Laura D’Andrea Tyson, a Berkeley economist who served under President Clinton, emphasized the need to consider timing in our evaluations. “There are significant lags between the time a President proposes a policy, the time it is enacted by Congress and the time necessary for it to take effect,” she wrote to me. “These lags should be taken into account in measuring the economy’s job performance under a President. The first year probably should not count at all in terms of assessing the effects of a new Administration’s policies.”
Greg Mankiw, a Harvard economist who served as CEA chair under George W. Bush, directed me to a blog post he had written on the subject. “Randomness is a fact of economic life,” Mankiw wrote, “and it would be a mistake to judge a president by the economic outcome during his administration. It is better to look at the decisions the president made, and to acknowledge that the outcome is a function of those decisions and many other factors not under his control. As an economist, I have views about what best practices are for economic policy, and I judge presidents by how closely they adhere to those principles.”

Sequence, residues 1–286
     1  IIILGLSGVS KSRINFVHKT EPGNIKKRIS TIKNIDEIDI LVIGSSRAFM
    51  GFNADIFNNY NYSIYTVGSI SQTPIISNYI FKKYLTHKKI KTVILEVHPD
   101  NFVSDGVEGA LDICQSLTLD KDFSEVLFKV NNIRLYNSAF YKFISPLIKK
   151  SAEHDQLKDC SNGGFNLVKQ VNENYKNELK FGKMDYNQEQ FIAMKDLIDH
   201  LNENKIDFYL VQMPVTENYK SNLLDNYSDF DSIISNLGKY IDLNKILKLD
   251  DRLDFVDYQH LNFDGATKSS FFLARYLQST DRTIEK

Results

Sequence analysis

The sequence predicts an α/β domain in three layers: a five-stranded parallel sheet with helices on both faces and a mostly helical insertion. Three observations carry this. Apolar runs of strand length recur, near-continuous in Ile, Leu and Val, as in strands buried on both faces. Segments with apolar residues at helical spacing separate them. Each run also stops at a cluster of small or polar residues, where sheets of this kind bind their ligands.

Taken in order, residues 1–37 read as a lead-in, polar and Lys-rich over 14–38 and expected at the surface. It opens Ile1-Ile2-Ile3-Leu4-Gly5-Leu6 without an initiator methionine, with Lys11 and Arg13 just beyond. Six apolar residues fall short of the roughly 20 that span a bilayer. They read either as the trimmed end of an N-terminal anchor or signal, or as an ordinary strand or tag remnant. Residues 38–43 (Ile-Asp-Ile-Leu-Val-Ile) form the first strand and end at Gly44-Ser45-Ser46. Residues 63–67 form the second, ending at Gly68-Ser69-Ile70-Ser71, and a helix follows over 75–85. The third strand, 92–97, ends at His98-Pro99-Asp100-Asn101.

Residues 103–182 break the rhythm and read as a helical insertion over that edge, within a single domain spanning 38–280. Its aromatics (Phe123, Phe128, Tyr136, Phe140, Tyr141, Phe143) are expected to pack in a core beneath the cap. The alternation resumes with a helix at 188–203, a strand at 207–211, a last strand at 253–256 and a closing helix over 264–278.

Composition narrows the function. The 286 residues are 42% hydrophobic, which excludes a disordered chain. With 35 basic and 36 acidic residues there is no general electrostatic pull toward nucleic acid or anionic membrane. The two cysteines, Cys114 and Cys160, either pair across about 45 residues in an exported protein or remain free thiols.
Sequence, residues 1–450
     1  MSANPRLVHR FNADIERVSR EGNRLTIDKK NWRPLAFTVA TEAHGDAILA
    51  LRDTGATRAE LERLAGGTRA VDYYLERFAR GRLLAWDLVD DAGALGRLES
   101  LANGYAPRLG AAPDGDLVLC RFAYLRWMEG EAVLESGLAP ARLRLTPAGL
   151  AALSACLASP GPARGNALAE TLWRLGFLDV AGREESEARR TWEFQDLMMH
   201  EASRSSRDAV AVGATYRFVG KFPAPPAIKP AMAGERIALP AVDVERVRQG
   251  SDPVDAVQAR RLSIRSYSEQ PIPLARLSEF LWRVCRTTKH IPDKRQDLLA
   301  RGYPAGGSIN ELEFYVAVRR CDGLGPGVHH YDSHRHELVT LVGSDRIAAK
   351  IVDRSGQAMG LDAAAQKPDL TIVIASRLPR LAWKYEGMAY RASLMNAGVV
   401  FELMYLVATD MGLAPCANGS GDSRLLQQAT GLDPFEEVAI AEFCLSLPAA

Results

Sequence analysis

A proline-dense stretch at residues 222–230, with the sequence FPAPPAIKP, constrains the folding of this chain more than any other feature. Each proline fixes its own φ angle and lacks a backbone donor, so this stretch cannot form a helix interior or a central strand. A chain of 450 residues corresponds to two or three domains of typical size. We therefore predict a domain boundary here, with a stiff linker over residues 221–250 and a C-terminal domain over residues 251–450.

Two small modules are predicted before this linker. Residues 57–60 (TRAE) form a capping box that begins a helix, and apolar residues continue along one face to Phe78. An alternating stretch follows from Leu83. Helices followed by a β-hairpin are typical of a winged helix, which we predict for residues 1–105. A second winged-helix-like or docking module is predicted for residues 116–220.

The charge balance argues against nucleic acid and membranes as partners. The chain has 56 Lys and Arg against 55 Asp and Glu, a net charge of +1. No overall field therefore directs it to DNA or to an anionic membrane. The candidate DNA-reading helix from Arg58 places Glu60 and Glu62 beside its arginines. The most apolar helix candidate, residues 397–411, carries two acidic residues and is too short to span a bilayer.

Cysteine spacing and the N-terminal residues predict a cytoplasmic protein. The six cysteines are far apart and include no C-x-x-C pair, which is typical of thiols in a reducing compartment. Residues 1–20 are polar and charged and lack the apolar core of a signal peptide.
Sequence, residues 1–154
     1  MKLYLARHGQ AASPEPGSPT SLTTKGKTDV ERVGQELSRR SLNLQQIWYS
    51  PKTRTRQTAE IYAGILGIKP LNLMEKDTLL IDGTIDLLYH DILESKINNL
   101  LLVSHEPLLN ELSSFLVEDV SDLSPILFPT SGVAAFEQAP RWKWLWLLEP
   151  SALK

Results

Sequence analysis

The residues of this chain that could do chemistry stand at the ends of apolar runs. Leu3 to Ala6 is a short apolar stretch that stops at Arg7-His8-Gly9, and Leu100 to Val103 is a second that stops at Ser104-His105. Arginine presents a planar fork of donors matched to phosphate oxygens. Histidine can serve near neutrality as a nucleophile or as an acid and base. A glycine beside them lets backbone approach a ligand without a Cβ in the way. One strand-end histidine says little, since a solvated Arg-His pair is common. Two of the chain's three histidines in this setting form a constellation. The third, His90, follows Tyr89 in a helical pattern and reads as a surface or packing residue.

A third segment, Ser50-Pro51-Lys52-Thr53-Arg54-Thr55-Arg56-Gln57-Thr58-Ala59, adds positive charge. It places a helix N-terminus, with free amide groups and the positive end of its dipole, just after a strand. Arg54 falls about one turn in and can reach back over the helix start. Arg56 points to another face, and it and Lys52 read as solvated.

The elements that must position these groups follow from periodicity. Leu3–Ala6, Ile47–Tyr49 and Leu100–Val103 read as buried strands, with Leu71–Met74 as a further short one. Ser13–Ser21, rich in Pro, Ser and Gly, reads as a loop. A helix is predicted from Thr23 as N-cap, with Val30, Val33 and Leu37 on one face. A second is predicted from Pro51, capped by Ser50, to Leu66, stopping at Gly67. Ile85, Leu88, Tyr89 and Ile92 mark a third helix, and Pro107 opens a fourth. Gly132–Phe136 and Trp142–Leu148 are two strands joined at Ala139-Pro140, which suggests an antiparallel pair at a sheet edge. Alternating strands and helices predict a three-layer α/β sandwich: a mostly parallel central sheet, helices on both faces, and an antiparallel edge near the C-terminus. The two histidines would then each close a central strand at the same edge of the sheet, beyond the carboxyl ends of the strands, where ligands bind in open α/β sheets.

“Unfortunately,” he concluded, “that evaluation process is not quite as simple and objective as the reader might have hoped for. But I don’t think there is a better alternative.”
Austan Goolsbee, CEA chair under Obama, tried to lay out a four-part test: “Everyone kind of knows they need to ask what conditions was the person handed, what did they do, what was happening elsewhere, and what would have happened if he wasn’t there?”
But those questions, Goolsbee admitted, are tough to answer. Whatever the answer is, however, it needs to take into account that the president’s control of the economy is at best incomplete. “Despite continued scrounging around in the basement,” Goolsbee said of his time in the White House, “I was never able to find the lever you flip that lets the economy grow and create jobs.”